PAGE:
[Written by Michelle Dunbar, Executive Director at The Saint Jude Retreat, and reprinted with permission.]
When I was 9 years old, my father was arrested for drunk driving. While every other time he’d been stopped they had let him go, this particular time they decided they probably should get him off the street for his own safety and the safety of others. It was 1977, 3 years before Mothers Against Drunk Driving (MADD) was founded, and 6 years before I would join my high school’s chapter of Students Against Drunk Driving (SADD). My father was well known in our small town, in part for his drunken escapades, but also as an upstanding professional who was always willing to help out anyone in need, which is why we took in his Dad, my Gramps, a few years earlier.
Gramps was an Irishman, a WWII veteran, a huge Yankee fan, and one of my favorite people in the world. He was always kind, soft-spoken, and caring. It was my understanding that he came to live with us to take care of us while my parents were working and because of my Dad’s heavy drinking, but later on I was told it was because Gramps was sick. I was told he had a disease called alcoholism that made him drink very heavily. However, when he lived with us, he wasn’t allowed to drink, so he didn’t. Even then I can remember thinking, ‘What a strange disease this must be?’
If Gramps was drinking during the years he lived with us, I never knew it. We became very close. He is the reason that I became a baseball fan, and specifically a Yankee fan. He taught me how to mow a lawn, throw and catch a baseball, and paint. We would spend hours in his shop in the basement. He would tinker and I would paint my pictures listening to Yankee games on his little radio. I can still remember his warm smile and the first thing he would do when I got home from school was give me a big hug. Then in 1979 my father was transferred across the country and we had to move away. Gramps stayed in NY while we headed to California.
My Dad quit drinking and joined AA in 1977, and his career took off. Gramps seemed to be doing well, had a job and a girlfriend. He was always smiling. That summer day in 1979 when I kissed Gramps goodbye, I had no idea it would be one of the last times I’d get a chance to see him.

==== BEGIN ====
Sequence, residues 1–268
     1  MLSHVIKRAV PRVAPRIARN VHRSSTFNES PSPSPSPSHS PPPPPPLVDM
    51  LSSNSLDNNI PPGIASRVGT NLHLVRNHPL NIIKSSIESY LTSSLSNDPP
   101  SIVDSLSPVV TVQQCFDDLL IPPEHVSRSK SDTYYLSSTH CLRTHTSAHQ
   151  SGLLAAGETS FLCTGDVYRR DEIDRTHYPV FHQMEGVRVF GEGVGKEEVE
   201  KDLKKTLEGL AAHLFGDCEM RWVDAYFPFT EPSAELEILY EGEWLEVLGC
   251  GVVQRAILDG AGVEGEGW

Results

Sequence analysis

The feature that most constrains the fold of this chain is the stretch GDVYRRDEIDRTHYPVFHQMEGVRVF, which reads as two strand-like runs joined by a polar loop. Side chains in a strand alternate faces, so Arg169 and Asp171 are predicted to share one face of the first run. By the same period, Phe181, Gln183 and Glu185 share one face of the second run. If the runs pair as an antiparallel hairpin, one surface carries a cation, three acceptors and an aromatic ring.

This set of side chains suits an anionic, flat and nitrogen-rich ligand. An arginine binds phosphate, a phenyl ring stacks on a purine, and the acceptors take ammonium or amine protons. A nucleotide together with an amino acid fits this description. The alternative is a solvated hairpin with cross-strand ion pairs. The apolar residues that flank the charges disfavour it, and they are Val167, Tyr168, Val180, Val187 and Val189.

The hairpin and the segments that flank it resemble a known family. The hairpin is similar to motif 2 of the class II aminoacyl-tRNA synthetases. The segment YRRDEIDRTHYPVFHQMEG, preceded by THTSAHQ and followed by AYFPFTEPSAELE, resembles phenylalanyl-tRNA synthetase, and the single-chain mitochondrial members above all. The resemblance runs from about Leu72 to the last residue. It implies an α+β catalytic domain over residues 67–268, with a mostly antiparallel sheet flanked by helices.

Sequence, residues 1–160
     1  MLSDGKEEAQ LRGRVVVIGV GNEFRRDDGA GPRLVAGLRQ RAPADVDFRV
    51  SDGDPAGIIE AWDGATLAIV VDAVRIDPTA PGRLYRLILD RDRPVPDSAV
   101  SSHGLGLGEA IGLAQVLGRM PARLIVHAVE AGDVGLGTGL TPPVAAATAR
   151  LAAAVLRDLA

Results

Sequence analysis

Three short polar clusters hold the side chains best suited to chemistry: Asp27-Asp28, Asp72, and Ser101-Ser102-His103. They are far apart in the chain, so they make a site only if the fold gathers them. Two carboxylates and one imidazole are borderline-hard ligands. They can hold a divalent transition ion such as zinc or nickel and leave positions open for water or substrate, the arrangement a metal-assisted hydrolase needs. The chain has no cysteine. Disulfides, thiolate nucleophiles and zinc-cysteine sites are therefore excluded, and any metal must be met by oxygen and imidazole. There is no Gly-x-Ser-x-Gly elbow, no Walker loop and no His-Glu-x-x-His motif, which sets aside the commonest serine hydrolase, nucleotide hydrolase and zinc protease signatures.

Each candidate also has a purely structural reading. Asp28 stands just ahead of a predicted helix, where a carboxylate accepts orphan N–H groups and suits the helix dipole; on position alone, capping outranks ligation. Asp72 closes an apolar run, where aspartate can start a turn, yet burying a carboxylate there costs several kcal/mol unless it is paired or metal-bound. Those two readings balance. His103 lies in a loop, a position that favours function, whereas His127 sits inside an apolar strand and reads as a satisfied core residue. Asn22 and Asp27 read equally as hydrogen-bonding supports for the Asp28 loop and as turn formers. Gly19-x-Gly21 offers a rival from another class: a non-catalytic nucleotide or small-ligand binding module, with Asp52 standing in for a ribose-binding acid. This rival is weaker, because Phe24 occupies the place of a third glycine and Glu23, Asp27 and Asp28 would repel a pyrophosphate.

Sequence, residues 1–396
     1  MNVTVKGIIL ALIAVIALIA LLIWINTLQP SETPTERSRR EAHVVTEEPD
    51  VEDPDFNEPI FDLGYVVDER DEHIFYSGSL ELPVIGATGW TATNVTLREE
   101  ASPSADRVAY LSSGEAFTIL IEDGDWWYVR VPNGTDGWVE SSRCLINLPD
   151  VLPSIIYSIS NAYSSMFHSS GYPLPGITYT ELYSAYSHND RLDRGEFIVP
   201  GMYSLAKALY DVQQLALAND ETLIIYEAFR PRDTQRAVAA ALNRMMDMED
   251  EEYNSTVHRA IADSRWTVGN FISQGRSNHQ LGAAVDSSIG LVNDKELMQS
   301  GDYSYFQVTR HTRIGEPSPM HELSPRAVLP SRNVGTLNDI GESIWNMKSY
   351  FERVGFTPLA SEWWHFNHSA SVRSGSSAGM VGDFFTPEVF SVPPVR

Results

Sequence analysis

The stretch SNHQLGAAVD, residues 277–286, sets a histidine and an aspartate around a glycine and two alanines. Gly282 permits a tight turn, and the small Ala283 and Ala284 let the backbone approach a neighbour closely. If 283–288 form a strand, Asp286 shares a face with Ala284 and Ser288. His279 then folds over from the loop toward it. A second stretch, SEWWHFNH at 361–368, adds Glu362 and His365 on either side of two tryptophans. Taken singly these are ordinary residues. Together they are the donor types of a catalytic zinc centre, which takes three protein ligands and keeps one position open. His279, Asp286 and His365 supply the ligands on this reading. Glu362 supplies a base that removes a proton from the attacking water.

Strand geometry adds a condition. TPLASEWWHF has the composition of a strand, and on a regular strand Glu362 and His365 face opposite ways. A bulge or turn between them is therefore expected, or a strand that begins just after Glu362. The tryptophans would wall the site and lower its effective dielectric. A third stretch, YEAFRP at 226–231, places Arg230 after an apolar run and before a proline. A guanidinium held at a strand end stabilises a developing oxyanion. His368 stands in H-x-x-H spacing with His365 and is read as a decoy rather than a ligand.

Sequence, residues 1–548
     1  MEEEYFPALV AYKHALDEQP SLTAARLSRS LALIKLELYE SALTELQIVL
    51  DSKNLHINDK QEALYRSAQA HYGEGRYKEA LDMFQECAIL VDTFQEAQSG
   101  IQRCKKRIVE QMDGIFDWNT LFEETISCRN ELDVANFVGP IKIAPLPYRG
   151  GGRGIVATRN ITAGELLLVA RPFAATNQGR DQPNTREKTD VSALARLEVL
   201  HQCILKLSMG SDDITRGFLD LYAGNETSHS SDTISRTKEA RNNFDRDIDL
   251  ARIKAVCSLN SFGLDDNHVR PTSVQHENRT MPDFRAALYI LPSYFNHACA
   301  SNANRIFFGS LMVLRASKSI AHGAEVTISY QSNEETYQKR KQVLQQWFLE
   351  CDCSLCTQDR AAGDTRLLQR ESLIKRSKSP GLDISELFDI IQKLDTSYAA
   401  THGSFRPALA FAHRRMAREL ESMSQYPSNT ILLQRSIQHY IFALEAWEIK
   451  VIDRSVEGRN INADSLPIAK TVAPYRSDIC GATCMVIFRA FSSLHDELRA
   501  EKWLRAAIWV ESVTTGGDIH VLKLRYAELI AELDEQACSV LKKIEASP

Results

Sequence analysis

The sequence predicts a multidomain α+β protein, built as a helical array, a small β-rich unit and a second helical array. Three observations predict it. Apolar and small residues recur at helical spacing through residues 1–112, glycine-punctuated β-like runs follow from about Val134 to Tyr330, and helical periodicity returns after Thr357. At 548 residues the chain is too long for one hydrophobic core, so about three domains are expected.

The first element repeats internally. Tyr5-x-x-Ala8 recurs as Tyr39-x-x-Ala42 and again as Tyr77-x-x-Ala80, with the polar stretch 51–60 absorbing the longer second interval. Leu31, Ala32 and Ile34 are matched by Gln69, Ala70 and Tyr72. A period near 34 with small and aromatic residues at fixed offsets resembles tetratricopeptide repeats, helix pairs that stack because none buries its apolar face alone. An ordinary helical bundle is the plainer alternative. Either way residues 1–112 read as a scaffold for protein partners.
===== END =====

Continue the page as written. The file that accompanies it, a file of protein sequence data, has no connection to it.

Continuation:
We moved back from California a little more than a year later, and I remember asking where Gramps was. I was told he had relapsed into his disease, and we were not allowed to see him. This made no sense to me at all. If he’s sick, why wouldn’t we be there for him? Doesn’t he need help and people there to care for him? It seemed to me, this is exactly when we should be seeing him. But my father was adamant; until Gramps stopped drinking, we wouldn’t visit him.
I think I saw Gramps just one or two more times in the 5 years that followed, until the day I got the call. It was my first weekend away at college, and my mother told me that Gramps had passed. He was found alone, in a room he was renting, some days after he had passed. The coroner said he died of heart failure, presumably while detoxing from alcohol. I was devastated and angry. I can remember the last time I saw him, he told me that he was alcoholic, and the disease was going to kill him one day. During that visit, his deep regret and feeling of defeat was palpable. He had been to detox and treatment at VA hospitals several times over the course of 30 years, and he was labeled a gamma alcoholic and chronic relapser. He fully embraced the first step of Alcoholics Anonymous, which is also a requirement for alcoholism treatment – he believed himself to be powerless over alcohol.
Think about that for a moment. “I came to believe that I was powerless over alcohol…” That’s the first step of AA. Treatment providers, counselors, and those in AA tell you that you have to take that first step everyday. You have to remind yourself that you’re powerless over an inert substance; a beverage. This is supposed to scare you into being totally abstinent, but based on the data it works for less than 20% of those taught it.